Introduction: How to Clear a Blocked Drain. Eco-friendly Method.
I came up with this idea on a hunch. Feeling pleased with how well it worked, I decided to share the idea with an appreciative world. My feelings of cleverness quickly evaporated when, in the middle of writing this, my first 'Instructable', I did a search for "drain" on the website. I found that my 'discovery' wasn't so original after all - particularly with respect to the previously-posted uses of cable ties for the same task... bummer! At least all my materials are environmentally friendly!
Anyway, the materials required for MY method on this subject are as follows;
1. A blocked or slow draining sink, basin, bath etc,
2. A disposable skewer (the wooden/bamboo type used for cooking kebabs etc),
3. One or two paper kitchen towels, and
4. Maybe a sharp knife.
Step 1: Situation
I've learned from previous experiences of clearing blocked drains, generally by dismantling the plumbing, that the problem is generally due to a buildup of unrecognizable mess that has congealed onto bits of hair caught on the drain hardware. The arrow in the first picture points to a hair buildup hanging off the drain's 'grate'. Tweezers, pins, pliers etc. have been generally unhelpful in pulling the hair out of the drain.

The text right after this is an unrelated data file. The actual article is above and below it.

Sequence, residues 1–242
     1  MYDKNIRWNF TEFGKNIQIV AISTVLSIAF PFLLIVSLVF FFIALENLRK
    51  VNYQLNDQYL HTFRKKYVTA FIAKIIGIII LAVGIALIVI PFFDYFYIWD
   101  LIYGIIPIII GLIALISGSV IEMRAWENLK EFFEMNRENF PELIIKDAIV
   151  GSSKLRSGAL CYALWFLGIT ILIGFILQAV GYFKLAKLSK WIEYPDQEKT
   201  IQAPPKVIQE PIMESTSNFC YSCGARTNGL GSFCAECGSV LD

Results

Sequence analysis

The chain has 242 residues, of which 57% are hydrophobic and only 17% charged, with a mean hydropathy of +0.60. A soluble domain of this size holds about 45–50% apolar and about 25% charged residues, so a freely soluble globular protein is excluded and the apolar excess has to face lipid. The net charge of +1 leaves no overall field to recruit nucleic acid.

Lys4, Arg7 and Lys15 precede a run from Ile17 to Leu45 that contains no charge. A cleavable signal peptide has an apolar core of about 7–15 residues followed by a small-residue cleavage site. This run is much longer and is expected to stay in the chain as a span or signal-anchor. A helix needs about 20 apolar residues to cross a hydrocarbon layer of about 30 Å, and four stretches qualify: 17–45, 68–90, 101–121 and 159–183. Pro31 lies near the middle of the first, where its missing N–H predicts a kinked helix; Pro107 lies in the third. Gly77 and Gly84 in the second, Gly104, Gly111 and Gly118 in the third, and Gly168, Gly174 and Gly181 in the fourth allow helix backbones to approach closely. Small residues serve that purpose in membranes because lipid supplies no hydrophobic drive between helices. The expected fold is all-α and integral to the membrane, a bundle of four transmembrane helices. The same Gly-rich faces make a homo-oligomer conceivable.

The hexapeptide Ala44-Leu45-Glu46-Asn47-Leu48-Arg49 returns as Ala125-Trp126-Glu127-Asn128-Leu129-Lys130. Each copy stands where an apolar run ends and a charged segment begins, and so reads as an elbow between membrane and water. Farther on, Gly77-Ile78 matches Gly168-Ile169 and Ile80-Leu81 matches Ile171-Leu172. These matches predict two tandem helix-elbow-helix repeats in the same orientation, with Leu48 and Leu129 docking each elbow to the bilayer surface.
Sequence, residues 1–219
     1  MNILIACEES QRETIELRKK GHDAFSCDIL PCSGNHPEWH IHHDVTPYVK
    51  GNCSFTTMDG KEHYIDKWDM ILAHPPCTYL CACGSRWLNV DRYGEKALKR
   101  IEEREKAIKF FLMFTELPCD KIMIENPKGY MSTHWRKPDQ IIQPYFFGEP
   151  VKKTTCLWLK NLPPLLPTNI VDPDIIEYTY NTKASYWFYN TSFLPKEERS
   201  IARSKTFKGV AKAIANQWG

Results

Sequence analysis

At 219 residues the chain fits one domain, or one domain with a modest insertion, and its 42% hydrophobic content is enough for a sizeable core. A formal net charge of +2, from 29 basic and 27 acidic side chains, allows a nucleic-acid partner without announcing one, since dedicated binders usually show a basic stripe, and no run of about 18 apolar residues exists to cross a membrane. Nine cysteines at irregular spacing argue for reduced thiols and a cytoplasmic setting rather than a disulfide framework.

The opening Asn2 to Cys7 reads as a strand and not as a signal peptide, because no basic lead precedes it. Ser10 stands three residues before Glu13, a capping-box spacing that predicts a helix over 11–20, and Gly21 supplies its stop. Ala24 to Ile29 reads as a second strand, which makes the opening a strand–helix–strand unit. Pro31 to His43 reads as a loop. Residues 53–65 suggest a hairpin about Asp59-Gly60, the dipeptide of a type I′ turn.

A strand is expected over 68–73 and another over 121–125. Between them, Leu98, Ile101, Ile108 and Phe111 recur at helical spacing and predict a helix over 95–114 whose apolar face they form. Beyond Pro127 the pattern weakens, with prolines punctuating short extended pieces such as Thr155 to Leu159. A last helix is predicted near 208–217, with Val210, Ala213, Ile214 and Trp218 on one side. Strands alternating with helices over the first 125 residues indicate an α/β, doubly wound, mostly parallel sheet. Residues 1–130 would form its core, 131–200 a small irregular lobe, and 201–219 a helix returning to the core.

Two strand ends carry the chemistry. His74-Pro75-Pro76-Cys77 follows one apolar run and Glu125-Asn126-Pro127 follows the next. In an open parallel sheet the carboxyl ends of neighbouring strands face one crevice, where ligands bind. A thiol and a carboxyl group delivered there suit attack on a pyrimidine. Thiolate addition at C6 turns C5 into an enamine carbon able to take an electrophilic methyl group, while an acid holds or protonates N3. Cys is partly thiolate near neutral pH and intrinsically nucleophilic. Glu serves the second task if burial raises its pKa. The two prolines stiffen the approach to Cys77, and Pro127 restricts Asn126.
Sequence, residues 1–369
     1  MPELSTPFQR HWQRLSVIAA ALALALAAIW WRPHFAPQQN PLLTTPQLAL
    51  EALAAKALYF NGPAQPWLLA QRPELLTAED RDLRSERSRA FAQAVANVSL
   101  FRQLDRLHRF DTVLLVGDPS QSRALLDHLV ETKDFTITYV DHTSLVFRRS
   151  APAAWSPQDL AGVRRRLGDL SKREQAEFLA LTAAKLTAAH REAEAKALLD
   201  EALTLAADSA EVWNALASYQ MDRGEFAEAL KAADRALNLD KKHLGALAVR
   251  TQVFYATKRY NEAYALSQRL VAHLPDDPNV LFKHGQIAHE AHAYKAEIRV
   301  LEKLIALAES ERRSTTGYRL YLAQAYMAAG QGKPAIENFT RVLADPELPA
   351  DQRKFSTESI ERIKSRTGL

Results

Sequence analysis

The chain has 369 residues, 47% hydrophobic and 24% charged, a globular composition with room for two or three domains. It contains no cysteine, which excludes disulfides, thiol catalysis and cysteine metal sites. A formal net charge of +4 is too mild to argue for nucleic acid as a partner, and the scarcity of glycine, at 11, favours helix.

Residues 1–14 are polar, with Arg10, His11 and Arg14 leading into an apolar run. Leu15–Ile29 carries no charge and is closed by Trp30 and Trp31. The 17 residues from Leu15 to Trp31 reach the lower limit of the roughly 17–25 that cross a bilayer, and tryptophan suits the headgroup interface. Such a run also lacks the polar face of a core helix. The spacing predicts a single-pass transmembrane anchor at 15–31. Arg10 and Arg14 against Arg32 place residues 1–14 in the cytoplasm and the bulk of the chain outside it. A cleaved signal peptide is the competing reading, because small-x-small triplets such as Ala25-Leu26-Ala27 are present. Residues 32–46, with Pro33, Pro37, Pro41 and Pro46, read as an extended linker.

Step 2: Transform the Skewer.
Let's get started. Break off the tip of your skewer to leave a splintery end. Keep the skewer as long as possible (break off only a small portion). I use a pair of pliers to get some leverage on the wood.
Step 3: The Splintered Skewer
If necessary, use a sharp blade to 'feather' the end of the skewer - make it more splintery. Don't cut yourself with the blade!
Step 4: Fishing.
This part is quite exciting!
Holding the skewer by the other end, poke the broken end down into the drain hole. Feel around in there for soft lumpy bits then twirl the skewer. The hair and gunk will catch in the skewer splinters - you'll feel some resistance when it happens. Carefully remove the skewer and you'll see a length of hairy muck on the end of it. Pull it out and wipe the gunk off onto the paper towel.
Step 5: Keep Going...
Repeat the process - insert, feel, twist, extract, wipe. Keep going back until no more soft spots can be discovered.
Scrape down the sides of the grate and pipe until no more suspicious lumps and bumps can be felt.
The picture shows a length of the gunk - yecch! (Click on the photo then zoom-in for a closer look - yum:) Collect it on the paper towel.
I find it somehow satisfying to see how much of this can be removed from the drain.
When the supply of drainpipe mess is exhausted, give the drain a rinse with hot water - and be impressed with how well it flows away. What fun.
Step 6: Educate Your Household.
Show your family - especially those with long hair - what you have extracted from the sink hole. It is sure to impress! Maybe they will make more of an effort to keep their hair out of the drain. (Good luck - this doesn't seem to work with my wife and daughter.)